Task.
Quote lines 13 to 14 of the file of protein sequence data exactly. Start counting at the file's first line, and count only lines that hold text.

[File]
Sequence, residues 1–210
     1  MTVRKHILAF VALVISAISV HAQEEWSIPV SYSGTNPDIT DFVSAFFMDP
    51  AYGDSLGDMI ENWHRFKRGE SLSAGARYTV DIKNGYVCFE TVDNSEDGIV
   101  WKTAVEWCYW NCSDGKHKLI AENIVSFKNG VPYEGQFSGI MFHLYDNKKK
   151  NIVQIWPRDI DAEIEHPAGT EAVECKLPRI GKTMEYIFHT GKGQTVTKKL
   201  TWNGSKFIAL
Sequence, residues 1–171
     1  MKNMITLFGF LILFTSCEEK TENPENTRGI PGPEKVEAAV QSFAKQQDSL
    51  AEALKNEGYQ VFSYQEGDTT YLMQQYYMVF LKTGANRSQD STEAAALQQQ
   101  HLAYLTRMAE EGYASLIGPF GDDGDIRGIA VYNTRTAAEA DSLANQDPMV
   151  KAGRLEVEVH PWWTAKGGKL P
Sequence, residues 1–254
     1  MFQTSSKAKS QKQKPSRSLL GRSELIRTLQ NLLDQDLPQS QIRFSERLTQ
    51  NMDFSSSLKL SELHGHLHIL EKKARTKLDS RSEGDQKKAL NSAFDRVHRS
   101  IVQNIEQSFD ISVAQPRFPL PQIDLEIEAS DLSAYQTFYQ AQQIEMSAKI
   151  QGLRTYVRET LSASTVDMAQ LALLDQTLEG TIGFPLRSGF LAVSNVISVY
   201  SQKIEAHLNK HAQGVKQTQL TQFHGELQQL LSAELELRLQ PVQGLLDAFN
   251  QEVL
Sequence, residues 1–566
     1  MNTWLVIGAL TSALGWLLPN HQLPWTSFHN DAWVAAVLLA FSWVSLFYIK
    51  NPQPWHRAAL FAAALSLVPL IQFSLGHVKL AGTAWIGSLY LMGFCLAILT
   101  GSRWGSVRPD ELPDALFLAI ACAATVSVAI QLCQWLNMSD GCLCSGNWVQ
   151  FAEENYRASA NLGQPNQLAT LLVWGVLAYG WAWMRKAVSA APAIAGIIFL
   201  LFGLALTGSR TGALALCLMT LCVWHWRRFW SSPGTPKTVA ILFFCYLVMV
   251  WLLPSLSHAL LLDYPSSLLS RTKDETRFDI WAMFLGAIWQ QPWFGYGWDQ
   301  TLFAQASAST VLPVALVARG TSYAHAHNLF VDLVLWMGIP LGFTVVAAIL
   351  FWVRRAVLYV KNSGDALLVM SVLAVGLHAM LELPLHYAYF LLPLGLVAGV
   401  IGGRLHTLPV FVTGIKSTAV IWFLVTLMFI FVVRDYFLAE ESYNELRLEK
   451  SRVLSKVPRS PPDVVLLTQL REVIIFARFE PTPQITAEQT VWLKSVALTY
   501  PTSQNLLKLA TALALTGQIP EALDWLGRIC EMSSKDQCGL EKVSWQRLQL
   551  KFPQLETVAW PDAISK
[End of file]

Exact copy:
     1  MFQTSSKAKS QKQKPSRSLL GRSELIRTLQ NLLDQDLPQS QIRFSERLTQ
    51  NMDFSSSLKL SELHGHLHIL EKKARTKLDS RSEGDQKKAL NSAFDRVHRS